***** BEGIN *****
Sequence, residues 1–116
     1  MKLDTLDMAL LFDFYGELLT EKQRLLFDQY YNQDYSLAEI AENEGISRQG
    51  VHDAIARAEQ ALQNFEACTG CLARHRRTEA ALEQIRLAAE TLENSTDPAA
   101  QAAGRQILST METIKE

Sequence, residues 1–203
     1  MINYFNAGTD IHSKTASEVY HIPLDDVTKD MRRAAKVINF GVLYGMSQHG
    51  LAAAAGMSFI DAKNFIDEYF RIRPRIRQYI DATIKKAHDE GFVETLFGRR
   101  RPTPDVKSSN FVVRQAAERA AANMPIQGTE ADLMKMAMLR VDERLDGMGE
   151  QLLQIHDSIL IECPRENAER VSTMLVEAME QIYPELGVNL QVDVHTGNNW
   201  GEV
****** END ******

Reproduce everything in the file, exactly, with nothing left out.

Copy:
Sequence, residues 1–116
     1  MKLDTLDMAL LFDFYGELLT EKQRLLFDQY YNQDYSLAEI AENEGISRQG
    51  VHDAIARAEQ ALQNFEACTG CLARHRRTEA ALEQIRLAAE TLENSTDPAA
   101  QAAGRQILST METIKE

Sequence, residues 1–203
     1  MINYFNAGTD IHSKTASEVY HIPLDDVTKD MRRAAKVINF GVLYGMSQHG
    51  LAAAAGMSFI DAKNFIDEYF RIRPRIRQYI DATIKKAHDE GFVETLFGRR
   101  RPTPDVKSSN FVVRQAAERA AANMPIQGTE ADLMKMAMLR VDERLDGMGE
   151  QLLQIHDSIL IECPRENAER VSTMLVEAME QIYPELGVNL QVDVHTGNNW
   201  GEV